03/02/2013 6:23PM

Aqueduct: Vyjack stays undefeated in Gotham

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Tom Keyser
Vyjack rallied from far back under Joel Rosario to win the Gotham and improve his record to 4 for 4.

OZONE PARK, N.Y. - David Wilkenfeld wasn’t alive in the pick six at Aqueduct following Saturday’s Gotham Stakes - he said he didn’t play - but his dreams of the Kentucky Derby were certainly alive and well after the race.

Wilkenfeld, whose stable is named Pick Six Racing, owns Vyjack, who showed a new dimension by rallying from next-to-last in a field of 11 to win Saturday’s Grade 3, $400,000 Gotham Stakes to remain undefeated in four career starts.

Perhaps more importantly, Vyjack earned 50 qualifying points to the Kentucky Derby, which will be run May 4 at Churchill Downs.

“The way he ran today he showed he’s the real deal,” said Wilkenfeld, who named the gelding after his parents Vivienne and Jack. “We always thought he’d do good going long. I think he proved that today.”

[DERBY WATCH: Top 20 Kentucky Derby contenders with odds and video]

Vyjack had won his three previous starts - including the Grade 2 Jerome on Jan. 5 - from on or near the lead. Saturday, he was next to last, about seven lengths behind after the opening half-mile before launching a five-wide rally in the stretch under Joel Rosario that propelled him to a 2 3/4-length victory over the pacesetting West Hills Giant. It was a half-length back to Elnaawi in third.

He was followed in the order of finish by Siete de Oros, Overanalyze (the 8-5 favorite), Transparent, Amerigo Vespucci, Champion Boy, Escapefromreality, Sky Captain, and Ore Pass. Now and Then scratched.

Vyjack, a gelding by Into Mischief, covered the 1 1/16 miles in 1:44.09 and returned $6.70 as the second choice.

Wilkenfeld races under the moniker Pick Six Racing because of his success hitting that wager. In 2008, he had the sole winning ticket of a pick six at Santa Anita that paid $3.3 million. He said he did not play Saturday’s pick six at Aqueduct, which had a $113,159 carryover entering the day. The pick-six paid $4,999 to 67 winning tickets.

The pick six Saturday might have paid a lot more had 33-1 West Hills Giant held on.There was an objection lodged against West Hills Giant and rider Jose Espinoza by Channing Hill, the rider of third-place finisher Elnaawi for interference soon after the start, but it was disallowed.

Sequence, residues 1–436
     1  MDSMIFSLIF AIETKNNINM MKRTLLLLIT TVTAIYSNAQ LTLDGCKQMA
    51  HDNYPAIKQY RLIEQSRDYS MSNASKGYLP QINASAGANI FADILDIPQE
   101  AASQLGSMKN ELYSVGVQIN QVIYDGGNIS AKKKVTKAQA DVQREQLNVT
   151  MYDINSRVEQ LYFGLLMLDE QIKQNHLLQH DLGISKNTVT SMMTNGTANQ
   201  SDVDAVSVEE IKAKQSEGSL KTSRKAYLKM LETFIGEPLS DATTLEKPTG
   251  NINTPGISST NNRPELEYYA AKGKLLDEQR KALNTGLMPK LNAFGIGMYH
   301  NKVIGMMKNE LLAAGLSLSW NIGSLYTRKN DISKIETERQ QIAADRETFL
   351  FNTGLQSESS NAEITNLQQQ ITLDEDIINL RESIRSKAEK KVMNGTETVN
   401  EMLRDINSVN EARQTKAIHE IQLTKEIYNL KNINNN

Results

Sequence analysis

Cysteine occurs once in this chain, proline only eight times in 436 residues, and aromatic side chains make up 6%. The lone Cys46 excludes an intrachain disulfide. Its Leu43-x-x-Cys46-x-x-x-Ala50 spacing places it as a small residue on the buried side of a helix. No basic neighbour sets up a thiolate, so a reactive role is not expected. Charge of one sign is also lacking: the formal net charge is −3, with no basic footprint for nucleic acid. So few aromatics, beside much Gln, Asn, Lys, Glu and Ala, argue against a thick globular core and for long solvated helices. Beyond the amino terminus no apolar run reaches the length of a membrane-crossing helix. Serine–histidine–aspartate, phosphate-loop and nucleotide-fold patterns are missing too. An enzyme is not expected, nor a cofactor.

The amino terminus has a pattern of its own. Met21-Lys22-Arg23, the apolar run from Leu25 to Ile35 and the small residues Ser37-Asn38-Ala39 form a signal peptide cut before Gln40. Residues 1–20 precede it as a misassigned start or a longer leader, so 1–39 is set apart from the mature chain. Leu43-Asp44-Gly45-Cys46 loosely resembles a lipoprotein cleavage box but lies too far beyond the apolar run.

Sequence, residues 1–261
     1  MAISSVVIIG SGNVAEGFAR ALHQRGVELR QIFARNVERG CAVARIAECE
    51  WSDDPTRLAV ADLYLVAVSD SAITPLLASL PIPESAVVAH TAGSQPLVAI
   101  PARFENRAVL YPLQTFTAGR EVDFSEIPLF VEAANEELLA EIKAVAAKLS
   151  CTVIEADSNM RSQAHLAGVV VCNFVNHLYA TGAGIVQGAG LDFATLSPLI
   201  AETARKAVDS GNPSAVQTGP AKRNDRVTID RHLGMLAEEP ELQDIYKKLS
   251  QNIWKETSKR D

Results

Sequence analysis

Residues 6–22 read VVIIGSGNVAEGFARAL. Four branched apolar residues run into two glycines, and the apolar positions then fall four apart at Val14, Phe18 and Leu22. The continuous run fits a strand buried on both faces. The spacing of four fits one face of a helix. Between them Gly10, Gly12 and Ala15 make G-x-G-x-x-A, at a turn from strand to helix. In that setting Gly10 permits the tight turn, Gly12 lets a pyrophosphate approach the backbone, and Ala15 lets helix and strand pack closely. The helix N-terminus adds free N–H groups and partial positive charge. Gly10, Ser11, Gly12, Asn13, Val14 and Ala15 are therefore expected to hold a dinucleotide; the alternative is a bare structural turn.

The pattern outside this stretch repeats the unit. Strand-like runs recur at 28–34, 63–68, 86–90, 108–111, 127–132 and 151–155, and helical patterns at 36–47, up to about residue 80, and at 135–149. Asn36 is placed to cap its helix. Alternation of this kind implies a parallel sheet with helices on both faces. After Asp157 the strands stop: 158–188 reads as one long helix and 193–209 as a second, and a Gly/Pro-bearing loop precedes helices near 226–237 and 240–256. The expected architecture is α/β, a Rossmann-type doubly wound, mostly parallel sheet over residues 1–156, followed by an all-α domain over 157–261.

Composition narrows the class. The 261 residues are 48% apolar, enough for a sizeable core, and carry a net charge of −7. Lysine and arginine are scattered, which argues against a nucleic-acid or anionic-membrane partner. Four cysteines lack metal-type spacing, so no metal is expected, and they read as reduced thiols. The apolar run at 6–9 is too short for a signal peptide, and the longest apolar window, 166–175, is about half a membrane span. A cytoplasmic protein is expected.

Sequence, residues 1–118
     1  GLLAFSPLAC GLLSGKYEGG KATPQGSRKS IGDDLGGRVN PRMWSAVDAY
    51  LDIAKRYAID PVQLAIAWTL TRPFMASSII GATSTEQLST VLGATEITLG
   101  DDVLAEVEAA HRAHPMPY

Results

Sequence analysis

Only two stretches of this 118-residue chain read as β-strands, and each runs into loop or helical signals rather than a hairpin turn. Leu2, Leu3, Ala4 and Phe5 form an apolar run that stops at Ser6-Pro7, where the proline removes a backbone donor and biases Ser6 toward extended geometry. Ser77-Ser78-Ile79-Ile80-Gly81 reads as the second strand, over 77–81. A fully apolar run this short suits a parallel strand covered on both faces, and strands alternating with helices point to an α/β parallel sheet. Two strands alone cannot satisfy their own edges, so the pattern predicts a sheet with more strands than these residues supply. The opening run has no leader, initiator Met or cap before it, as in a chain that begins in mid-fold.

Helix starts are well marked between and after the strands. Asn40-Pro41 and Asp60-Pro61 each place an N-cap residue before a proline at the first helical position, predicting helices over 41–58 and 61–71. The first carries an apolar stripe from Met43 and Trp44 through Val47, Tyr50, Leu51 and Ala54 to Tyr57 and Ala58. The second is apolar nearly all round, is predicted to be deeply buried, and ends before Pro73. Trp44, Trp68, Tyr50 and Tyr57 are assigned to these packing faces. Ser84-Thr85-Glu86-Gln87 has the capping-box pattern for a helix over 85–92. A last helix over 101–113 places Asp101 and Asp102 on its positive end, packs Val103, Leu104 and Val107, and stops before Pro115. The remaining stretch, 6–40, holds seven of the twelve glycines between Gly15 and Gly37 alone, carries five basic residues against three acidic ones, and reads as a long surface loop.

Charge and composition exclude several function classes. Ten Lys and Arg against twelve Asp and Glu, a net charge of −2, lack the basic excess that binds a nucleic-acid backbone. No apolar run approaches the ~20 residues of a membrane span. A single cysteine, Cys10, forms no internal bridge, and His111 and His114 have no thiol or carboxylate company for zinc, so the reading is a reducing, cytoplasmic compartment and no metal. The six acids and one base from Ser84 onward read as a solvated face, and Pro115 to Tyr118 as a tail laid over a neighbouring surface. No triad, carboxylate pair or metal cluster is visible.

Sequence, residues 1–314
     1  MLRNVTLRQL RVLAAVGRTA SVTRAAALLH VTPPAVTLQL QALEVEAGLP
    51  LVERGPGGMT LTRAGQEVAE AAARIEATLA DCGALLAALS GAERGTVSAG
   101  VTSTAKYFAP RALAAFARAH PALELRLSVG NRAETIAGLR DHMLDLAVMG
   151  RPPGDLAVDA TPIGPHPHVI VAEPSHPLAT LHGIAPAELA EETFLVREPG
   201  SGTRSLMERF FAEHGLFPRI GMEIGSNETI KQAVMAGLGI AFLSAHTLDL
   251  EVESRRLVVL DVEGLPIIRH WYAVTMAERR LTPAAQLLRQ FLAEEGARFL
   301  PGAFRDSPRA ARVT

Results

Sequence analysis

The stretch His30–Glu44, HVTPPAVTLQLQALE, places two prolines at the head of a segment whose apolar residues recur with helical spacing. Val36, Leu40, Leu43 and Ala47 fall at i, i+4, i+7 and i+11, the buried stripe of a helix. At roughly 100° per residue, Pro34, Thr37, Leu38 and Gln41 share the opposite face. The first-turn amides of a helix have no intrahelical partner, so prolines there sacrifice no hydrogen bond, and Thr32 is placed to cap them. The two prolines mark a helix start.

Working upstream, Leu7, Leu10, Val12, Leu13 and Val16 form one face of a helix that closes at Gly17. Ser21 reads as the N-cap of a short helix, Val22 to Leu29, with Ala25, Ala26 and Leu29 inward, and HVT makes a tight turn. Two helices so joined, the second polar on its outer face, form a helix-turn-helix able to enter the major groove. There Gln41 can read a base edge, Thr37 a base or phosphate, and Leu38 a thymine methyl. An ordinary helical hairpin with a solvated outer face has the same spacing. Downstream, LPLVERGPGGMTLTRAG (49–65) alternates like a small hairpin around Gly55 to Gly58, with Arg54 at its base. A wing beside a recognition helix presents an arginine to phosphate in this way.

[ROAD TO THE KENTUCKY DERBY: Prep races, point standings, replays]

Vyjack was ridden by Rosario for the first time because Wilkenfeld felt that Cornelio Velasquez was not a good fit for the gelding because he needed to relax more. Rosario had no problem getting Vyjack to relax on Saturday.

“He broke OK, and I didn’t want to get in a hurry,” Rosario said. “I just let him do whatever he wanted. He was pretty far behind, but that’s where he wanted to be. He passed [West Hills Giant] and then he just kept on going.”

Rudy Rodriguez, the trainer of Vyjack, had been working with the gelding in the morning to get him to relax.

“I tell Joel don’t move too soon - let him do his race,” Rodriguez said. “He was able to relax. We were able to work with him in the morning; looks like we did a good job so far.”

Wilkenfeld said Vyjack would run back in the Grade 1, $1 million Wood Memorial on April 6.

John Terranova, the trainer of West Hills Giant, said his New York-bred would likely run back in that race as well.

West Hills Giant was attempting two turns on dirt for the first time and did well to hold second after setting the pace under Jose Espinoza.

“Jose rode him fantastic, he just got a little green in the stretch, I might need to close up his blinkers a little bit,” Terranova said. “He was leaning in looking around a little bit at the eighth pole; he got a little lost out there.”

The biggest disappointment of the race was Overanalyze, who was sitting a good fourth in the second flight of horses down the backside, but offered no punch down the lane and finished fifth.

“The first part of the race he was in perfect position - whatever I asked he was right there,” jockey John Velazquez said. “When we got to the three-eighths pole he let go. I tried to put him back into the race. He just went through the motions.”